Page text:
But, believe it or not, it gets even worse. As reported by Pajamas Media, mass media outlets may be propagandizing for Mr. Geithner because they are owned by firms that are recipients of billions of dollars of government bailouts. The Senate may be holding him to a different standard than prior female nominees. And President Obama’s reaction to his nominee’s tax scandal as an “embarrassment” shows an indifference to criminality that borders on chilling. Here’s how PJM summed it up in part:

    “Possible press conflicts of interest
    [14] Cliff Kincaid at Accuracy in Media points out that some press outlets are parts of larger firms with financial stakes in the financial bailout. Example: General Electric, which owns NBC, also owns bailout recipient GE Capital. GE CEO Jeffrey Inmelt is also on the New York Fed’s board.

    “Disparate treatment of previously pulled nominees
    Zoe Baird (Clinton, 1993), Kimba Wood (Clinton, 1993), and Linda Chavez (Bush, 2001) all had relatively minor or potential issues with self-employment taxes on household help. Geithner’s unpaid amounts were exponentially larger. Is there a whiff of male chauvinism in the air?

    “Barack Obama’s reaction
    No president in my lifetime would have dared to nominate Geithner. But “44? Obama calls Geithner’s problems a mere ‘embarrassment.’… It leaves you wondering if anyone in Washington knows or cares about the difference between right and wrong. We’re expected to overlook Geithner’s problems because he is supposedly the only person in a nation of 200 million adults who can do the job. Give me a break.

    “If he really knows the pertinent facts, Barack Obama’s ringing defense of Geithner should cause the American people to question his fundamental ‘15] judgment to lead.’”

    And to make matters almost absurd, McClatchy’s Greg Gordon reports that Mr. Geithner has had trouble managing his own personal finances in the past—calling into question whether he is capable of managing the nation’s finances:

    “Geithner earned $398,200 as president of the New York Fed, and the taxes might seem to be a minor issue for the couple. If their home purchases in earlier years are an indication, however, finances were more challenging earlier in the decade when the unpaid taxes may have been an issue.

    “The couple bought a home in the Washington suburb of Bethesda, Md., in 1992 for $275,000, taking a mortgage of $202,300. Through a series of refinancings and the sale of two properties, they climbed the economic ladder until they bought a house for $1.6 million in Larchmont, N.Y., in 2004.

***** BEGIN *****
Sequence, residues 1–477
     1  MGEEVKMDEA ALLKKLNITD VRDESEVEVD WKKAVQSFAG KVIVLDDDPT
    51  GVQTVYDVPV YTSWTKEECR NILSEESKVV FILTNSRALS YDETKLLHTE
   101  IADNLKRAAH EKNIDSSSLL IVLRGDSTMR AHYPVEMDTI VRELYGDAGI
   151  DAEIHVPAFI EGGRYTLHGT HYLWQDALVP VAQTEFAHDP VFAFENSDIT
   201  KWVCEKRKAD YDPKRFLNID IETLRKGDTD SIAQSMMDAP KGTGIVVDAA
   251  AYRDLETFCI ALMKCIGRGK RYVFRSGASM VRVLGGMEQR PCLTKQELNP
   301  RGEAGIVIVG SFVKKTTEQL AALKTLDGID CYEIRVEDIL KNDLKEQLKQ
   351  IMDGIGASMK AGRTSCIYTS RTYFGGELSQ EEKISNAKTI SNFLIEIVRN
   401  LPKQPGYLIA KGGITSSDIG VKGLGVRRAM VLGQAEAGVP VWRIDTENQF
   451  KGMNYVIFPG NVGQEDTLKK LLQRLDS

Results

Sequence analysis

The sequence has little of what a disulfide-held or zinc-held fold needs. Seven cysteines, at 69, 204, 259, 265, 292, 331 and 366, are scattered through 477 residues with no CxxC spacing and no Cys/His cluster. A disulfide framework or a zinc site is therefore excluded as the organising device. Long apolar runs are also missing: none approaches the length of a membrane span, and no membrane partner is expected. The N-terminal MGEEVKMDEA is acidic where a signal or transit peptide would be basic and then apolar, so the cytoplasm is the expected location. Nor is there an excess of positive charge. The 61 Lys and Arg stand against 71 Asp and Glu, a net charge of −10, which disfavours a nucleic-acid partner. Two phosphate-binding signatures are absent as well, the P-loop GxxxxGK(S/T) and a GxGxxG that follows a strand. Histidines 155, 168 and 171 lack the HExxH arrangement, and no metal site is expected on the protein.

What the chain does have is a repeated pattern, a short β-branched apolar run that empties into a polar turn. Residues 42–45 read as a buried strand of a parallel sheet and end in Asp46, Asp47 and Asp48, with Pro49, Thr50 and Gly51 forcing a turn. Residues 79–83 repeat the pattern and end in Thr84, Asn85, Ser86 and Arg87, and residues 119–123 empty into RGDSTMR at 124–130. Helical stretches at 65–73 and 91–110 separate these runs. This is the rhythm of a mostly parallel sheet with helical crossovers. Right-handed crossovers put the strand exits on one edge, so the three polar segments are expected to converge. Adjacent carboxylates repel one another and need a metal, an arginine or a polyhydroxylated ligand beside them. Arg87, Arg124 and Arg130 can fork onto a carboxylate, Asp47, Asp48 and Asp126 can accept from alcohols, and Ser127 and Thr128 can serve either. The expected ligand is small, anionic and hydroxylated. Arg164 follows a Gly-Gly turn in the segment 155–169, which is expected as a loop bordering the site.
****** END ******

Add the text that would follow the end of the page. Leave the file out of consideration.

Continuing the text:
“All of the Geithners’ mortgages — from big banks including Nationsbanc, which is now Bank of America; Chase Manhattan, which is now J.P. Morgan Chase; and Wells Fargo — carried adjustable-rate mortgages with the risk that annual rate increases could raise their interest payments to as much as 11.25 percent, though the couple tended to refinance or sell their homes before ever they faced a rate adjustment.”

    Most of the foreclosures that led to the housing, mortgage, and thus financial crisis, as reported by the Independent Institute, were adjustable rate mortgages, exactly the same type of mortgages Mr. Geithner took out on his homes. If he was willing to take these sorts of risks with his own livelihood, what risks will he take with Treasury?

    At a time when the normally low-key Treasury Secretary is in the news more than the conventionally high-profile Secretaries of State and Defense combined, both Mr. Geithner’s personal ethical questions and his disgraced public policy views make him unqualified to serve.

    Overall, a vote to confirm Timothy Geithner to the U.S. Treasury is a vote of confidence in the Fed’s failed economic policies—and those of the greater government—that led to this crisis in the first place. Instead, the Senate should reject Mr. Geithner’s nomination—and ask Mr. Obama if he has at least one good friend he could send over to the Treasury who hasn’t evaded taxes and fould up his own financial nest.

    Isaac MacMillen is a contributing editor of ALG News Bureau.